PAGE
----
One pretty teenage student at Madison High often finds her allegiance to her favourite English teacher is tested only too often by her imperious, pompous principal father. But if Gloria McMillan’s Harriet Conklin will come to seem like the least immediately remembered or appreciated figure among Our Miss Brooks‘s company, when the show graduates from fixture to memory, McMillan herself may yet prove the company’s most appreciative, never forgetting what the series star teaches her as a mentor, castmate, and friend above all.
[Eve Arden] was my mentor, teacher and surrogate mother for so many years, taught me how to not use any language, not to backtalk her, just to become a professional actress. She even took me to a play. She was very, very good to me and was very great to me. We became friends and have been up until it was time for her to go—her passing. It was a wonderful experience.
And I’ll never forget Eve, one day, went over to Wendell Lightman [a lighting director on the television version], who was using a big expletive about the light that didn’t work, and she walked over to him, in a very gentle manner . . . [and] she said, “We have a young teenager on the set, and I won’t allow that language, so I’d appreciate it if you wouldn’t use [it].”
Heard on radio as early as age four in Oregon, McMillan—whose mother was the first known female children’s talent agent—joined Our Miss Brooks on radio at age thirteen. After the series leaves radio and television, she will act sporadically in the years to come while devoting most of her time to raising both her own children and a California performing arts school with her husband. Presumably, still rooting the curriculum in the values she was taught by her Miss Brooks . . . and everybody’s.
Tonight: The last thing Connie (Eve Arden) wanted to do the night before was babysit her neighbour’s young son . . . especially because the last thing she needs the day after is to come down with the measles when Conklin (Gale Gordon) asks her to type his speech for his Goodfellows Club luncheon.
Mrs. Davis: Jane Morgan. Walter: Richard Crenna. Boynton: Jeff Chandler. Miss Enright: Mary Jane Croft. Harriet: Gloria McMillan. Announcer: Bob LaMond. Music: Wilbur Hatch. Writer/director: Al Lewis.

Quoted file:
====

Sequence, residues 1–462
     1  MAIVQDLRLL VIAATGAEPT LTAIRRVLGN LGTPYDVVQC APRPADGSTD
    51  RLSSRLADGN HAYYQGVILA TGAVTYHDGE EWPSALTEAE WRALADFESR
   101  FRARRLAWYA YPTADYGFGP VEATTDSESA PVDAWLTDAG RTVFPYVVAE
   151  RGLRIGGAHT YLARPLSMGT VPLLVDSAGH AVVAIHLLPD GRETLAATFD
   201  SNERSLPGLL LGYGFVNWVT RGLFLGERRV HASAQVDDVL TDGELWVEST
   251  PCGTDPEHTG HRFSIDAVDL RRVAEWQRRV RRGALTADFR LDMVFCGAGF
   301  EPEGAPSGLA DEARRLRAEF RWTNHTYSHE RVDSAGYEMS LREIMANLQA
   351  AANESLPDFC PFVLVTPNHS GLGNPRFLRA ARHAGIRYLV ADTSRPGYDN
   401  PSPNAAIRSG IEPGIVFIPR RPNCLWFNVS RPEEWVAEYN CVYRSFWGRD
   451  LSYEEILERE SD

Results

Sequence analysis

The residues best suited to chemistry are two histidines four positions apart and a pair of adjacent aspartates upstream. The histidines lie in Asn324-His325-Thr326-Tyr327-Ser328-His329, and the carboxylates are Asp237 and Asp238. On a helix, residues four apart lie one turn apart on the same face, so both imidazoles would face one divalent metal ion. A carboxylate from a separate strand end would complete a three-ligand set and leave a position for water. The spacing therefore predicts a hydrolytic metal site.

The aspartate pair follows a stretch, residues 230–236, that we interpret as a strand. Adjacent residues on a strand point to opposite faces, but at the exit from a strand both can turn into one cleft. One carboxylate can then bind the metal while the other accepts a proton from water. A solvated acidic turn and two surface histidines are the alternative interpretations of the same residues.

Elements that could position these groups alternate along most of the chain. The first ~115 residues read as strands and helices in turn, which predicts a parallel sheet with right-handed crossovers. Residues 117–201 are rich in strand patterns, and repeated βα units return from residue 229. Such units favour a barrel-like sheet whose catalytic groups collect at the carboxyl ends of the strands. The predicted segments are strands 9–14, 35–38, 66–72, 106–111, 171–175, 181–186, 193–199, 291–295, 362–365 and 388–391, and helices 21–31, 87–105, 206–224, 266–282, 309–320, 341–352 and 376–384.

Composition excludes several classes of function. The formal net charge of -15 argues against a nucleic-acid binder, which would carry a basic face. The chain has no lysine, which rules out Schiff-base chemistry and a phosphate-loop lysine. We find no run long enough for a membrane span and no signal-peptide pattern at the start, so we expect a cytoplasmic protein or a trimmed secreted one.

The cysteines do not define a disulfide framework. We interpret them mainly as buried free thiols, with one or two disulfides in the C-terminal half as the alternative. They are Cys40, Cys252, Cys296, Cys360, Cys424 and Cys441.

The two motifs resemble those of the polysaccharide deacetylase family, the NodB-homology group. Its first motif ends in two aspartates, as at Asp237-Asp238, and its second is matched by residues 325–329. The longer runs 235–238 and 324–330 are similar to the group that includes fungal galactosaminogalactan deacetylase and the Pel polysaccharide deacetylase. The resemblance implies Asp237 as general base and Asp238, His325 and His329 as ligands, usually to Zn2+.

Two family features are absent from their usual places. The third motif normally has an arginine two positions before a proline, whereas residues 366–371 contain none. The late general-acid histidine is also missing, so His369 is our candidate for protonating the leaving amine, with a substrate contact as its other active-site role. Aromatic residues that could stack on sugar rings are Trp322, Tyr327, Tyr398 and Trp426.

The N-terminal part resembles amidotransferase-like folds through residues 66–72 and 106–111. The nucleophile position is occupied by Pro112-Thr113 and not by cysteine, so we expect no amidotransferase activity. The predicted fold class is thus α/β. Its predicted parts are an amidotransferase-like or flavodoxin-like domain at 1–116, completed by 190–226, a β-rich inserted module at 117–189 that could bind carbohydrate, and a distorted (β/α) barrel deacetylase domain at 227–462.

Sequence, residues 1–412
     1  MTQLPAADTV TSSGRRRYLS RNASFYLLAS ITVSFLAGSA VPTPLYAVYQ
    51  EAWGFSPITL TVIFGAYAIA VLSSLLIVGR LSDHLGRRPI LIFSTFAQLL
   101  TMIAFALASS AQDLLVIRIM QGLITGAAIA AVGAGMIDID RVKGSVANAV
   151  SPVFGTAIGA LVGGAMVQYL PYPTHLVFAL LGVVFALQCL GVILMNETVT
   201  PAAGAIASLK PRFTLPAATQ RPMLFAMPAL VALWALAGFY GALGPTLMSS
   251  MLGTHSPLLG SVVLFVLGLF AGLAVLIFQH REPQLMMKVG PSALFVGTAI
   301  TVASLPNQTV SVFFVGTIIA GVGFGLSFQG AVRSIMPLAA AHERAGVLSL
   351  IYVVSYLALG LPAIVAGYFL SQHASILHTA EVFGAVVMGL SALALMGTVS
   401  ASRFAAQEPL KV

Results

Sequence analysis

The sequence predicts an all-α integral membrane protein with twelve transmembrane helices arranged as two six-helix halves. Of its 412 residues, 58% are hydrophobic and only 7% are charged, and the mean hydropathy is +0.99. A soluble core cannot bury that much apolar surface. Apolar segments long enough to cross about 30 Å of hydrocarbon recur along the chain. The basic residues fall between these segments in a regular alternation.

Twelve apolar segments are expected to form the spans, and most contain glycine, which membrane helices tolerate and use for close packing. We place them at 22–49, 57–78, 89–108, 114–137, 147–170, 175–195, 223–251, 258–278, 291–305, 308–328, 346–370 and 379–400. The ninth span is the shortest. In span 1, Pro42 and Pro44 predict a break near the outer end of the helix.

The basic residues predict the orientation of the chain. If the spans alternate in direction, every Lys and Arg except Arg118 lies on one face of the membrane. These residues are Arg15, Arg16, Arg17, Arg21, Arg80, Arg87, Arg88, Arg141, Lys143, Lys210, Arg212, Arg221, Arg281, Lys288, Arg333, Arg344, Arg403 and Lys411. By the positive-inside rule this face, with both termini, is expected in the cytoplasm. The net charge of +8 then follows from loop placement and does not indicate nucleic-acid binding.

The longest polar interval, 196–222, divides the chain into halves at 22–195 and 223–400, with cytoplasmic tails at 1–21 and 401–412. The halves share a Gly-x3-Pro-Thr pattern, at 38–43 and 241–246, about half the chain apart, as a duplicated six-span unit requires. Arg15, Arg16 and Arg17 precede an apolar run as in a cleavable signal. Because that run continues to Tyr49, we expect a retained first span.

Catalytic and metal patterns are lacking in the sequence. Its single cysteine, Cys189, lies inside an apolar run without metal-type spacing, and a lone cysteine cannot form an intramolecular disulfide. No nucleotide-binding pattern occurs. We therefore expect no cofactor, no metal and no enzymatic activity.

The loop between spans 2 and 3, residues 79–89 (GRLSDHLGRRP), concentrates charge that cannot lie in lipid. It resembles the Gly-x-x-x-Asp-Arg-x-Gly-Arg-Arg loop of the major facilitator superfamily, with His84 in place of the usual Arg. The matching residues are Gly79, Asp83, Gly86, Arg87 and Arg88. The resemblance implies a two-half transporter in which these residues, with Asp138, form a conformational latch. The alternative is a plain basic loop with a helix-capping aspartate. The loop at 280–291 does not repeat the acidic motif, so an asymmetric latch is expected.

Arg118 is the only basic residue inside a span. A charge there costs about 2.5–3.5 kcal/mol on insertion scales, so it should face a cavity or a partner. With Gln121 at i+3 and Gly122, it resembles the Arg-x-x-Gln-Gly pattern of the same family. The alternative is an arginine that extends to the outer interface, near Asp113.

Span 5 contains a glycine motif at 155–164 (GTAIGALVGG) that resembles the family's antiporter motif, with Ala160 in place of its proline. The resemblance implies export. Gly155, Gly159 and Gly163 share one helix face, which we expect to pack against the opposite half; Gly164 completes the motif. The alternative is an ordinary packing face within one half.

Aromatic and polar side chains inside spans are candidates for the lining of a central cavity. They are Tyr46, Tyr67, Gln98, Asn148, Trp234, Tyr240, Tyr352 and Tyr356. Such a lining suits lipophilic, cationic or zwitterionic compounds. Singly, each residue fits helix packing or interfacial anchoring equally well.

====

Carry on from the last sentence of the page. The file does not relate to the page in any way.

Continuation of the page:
FURTHER CHANNEL SURFING . . .
Fibber McGee & Molly: Back from Vacation (NBC, 1940)—The Crown Couple of 79 Wistful Vista (Jim and Marian Jordan) return from vacation to get a few unpleasant surprises from Gildersleeve (Harold Peary), who was minding their homestead while they were away. Teeny: Marian Jordan. The Old-Timer/Intruder: Bill Thompson. Mrs. Uppington: Isabel Randolph. Announcer: Harlow Wilcox. Music: Billy Mills Orchestra, the King’s Men. Writer: Don Quinn.
Fibber McGee & Molly: Doc Gives McGee a Placebo (NBC, 1946)—McGee (Jim Jordan) is feeling run down and ill, Molly (Marian Jordan, who also plays Teeny) is alarmed enough to call Doc Gamble (Arthur Q. Bryan), and Gamble figures out the root of the problem is an inadvertently swallowed cigars—but prescribes him a placebo which McGee, the dear boy, has no idea is worthless, medicinally. Elsie: Bea Benaderet. The Old-Timer: Bill Thompson. La Trivia: Gale Gordon. Announcer: Harlow Wilcox. Music: Billy Mills Orchestra, the King’s Men. Director: Max Hutto. Writers: Don Quinn, Phil Leslie.
The Henry Morgan Show: The Radio Serial to End All Radio Serials (ABC, 1948)—A classic soap opera spoof, Just Plain Mr. Wagstaff of Flagstaff, in which the characters get to choose the calamities into which they fall, which probably didn’t mean to predict exactly what would happen, to a lot of characters, when the genre went on to infest television in due course. Also: Morgan speaks to the first New Yorker he’s met in Hollywood since his arrival—Gerard (Arnold Stang), who can’t come up with something to write to his girl back home; a marriage counseling session at the John J. Morgan Trouble Clinic; and, Heinrich von Morgan on the eve of the World Series. Additional cast: Madeline Lee, Florence Halop, Art Carney. Announcer: Art Ballinger. Music: Bernie Green Orchestra, the Jubilaires. Writers: Henry Morgan, Joe Stein, Aaron Ruben, Carroll Moore, Jr.